After an exhausting night ascent a rescue mission has found a French mountaineer on the slopes of Pakistan's treacherous "Killer Mountain", but a Polish climber who had been with her remains missing, believed dead.
Elisabeth Revol and her climbing companion, Tomasz Mackiewicz, had called for help at the weekend from about 7400m up Pakistan's second highest peak, the 8126m Nanga Parbat.
Polish media, which have followed the developments closely, reported that Revol had frostbite on her feet and could not walk.
Mackiewicz reportedly was suffering from snow blindness and altitude sickness. There were temperatures of -60C at the height where the climbers were stuck.
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A team of elite Polish climbers, who had been attempting the first winter ascent of the nearby K2 mountain, rushed to try to rescue them.
Pakistani military helicopters buzzing over Nanga Parbat had spotted Revol at about 6700m during daylight, a Pakistani official said. Climber Denis Urubko who has dual Polish citizenship, together with Polish climbers Adam Bielecki, Jaroslaw Botor and Piotrek Tomala were dropped off by the helicopters at about 4900m, from where the first two began their ascent.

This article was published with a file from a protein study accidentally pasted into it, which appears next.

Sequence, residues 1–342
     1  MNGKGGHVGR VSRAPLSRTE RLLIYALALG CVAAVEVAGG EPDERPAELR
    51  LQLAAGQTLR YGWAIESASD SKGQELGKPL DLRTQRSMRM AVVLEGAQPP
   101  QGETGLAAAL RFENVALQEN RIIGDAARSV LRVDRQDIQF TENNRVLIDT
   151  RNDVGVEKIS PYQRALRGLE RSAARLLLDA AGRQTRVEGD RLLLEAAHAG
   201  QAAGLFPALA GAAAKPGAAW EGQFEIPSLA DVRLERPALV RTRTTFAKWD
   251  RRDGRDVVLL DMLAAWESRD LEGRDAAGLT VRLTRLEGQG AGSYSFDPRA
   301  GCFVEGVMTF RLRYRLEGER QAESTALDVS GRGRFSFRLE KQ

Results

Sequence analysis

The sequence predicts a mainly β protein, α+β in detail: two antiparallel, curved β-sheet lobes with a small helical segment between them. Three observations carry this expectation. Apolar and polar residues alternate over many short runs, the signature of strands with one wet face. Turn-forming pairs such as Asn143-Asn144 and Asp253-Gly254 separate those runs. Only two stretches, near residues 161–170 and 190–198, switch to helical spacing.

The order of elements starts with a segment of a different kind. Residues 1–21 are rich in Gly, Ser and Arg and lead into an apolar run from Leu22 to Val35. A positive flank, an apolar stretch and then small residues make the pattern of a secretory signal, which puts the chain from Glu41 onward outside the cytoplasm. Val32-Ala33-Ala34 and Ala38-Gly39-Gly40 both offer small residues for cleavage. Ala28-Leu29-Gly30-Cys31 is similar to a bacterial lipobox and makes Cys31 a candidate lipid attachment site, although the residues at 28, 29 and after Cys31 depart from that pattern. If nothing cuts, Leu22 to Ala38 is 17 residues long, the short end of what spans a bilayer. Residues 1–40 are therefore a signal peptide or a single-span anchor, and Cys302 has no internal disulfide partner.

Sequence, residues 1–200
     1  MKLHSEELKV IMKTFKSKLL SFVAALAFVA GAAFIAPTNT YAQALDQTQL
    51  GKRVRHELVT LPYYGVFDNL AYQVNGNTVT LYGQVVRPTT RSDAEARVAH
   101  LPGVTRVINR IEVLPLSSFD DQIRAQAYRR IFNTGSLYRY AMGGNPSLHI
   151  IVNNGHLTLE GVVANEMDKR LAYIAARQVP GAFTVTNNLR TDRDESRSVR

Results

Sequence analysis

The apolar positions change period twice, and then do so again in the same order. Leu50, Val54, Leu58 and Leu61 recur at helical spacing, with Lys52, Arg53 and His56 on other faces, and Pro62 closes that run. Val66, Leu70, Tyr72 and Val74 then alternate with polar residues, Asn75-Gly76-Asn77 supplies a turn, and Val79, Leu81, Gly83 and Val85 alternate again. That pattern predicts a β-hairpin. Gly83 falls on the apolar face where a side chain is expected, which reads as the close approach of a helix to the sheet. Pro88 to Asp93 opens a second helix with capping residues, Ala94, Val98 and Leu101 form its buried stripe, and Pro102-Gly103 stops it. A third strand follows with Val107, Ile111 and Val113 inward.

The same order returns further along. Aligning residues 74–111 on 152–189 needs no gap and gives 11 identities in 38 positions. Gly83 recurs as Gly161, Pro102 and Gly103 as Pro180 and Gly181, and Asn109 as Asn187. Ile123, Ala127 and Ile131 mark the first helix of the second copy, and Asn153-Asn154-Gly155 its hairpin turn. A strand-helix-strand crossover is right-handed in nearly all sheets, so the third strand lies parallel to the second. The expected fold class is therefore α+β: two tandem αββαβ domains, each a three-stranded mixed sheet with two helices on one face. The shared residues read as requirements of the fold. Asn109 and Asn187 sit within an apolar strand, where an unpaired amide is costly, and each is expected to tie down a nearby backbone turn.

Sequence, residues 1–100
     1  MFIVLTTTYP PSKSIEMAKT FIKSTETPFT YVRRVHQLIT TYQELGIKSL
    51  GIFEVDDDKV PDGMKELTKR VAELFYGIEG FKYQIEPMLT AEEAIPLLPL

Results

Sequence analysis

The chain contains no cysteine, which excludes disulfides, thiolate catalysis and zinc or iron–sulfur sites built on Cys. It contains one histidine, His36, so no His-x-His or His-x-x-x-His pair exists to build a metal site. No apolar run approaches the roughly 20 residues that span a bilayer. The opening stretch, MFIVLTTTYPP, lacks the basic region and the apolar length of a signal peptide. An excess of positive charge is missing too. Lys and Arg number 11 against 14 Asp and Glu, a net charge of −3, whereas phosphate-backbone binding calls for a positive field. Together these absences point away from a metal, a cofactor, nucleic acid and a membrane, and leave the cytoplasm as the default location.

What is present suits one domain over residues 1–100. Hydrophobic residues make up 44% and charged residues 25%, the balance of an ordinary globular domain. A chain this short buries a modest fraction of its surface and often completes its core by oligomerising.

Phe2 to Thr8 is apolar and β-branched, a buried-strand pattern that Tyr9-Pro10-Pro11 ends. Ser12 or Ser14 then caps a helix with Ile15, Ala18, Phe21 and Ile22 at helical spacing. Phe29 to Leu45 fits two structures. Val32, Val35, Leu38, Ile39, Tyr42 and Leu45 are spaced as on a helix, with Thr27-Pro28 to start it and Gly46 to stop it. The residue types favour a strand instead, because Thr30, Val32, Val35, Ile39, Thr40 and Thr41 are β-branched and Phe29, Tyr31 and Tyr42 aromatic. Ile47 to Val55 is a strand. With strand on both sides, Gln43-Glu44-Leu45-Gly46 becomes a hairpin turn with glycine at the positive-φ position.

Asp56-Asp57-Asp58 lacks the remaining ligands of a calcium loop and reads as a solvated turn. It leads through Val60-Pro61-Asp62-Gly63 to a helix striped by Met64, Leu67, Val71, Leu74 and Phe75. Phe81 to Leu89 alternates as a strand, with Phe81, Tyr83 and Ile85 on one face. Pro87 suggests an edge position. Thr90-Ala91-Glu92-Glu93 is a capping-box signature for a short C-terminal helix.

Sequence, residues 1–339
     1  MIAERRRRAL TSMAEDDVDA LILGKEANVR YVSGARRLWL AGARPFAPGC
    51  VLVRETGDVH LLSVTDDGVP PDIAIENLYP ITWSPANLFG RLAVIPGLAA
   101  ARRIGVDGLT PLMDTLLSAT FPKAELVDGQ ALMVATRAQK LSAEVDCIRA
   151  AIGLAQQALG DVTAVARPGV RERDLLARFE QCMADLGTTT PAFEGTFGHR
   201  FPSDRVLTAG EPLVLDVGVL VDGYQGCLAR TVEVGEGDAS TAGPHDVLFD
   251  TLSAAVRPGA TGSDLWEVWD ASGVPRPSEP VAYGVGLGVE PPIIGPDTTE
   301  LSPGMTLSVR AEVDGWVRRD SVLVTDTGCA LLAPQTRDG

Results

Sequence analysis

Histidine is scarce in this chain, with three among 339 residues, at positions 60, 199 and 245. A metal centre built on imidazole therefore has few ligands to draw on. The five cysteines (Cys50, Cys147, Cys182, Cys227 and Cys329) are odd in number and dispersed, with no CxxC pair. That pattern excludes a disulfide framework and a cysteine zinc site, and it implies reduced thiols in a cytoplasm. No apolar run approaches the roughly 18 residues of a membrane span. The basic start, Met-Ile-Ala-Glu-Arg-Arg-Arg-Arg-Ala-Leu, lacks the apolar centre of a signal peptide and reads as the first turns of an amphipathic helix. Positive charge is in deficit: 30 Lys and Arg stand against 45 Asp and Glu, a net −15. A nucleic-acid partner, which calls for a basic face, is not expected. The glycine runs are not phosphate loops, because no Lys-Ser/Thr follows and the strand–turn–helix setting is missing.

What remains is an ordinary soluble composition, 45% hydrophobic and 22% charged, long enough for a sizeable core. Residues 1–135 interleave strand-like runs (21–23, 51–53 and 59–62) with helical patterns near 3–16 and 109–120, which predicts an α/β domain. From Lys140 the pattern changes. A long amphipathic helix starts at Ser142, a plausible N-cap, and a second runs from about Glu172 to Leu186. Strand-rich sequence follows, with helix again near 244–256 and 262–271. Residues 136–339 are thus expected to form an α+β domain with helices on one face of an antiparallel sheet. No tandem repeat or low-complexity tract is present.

"!!! Elisabeth #Revol found !!!" the Polish team said on Facebook.
Ludovic Giambiasi, Revol's partner, wrote on Facebook that two team members would descend with Revol after resting in the open for a couple of hours. They were not able to find Mackiewicz, he said, and would have to leave without him. "The rescue for Tomasz is unfortunately not possible - because of the weather and altitude it would put the life of rescuers in extreme danger," Giambiasi wrote. "It's a terrible and painful decision. ... All our thoughts go out to Tomek's family and friends. We are crying." A helicopter organised by the Polish Embassy in Islamabad would carry Revol and her rescuers to the Pakistani town of Skardu, if the weather allows, Giambiasi wrote.
Karrar Haidri, of the Pakistan Alpine Federation, said Mackiewicz was declared deceased. Pakistan rivals Nepal for the number of peaks over 7000m and is considered a climbers' paradise, but fatalities are also common. Nanga Parbat obtained its "Killer Mountain" moniker due to the high number of lives it has claimed.
- AP, Reuters, AAP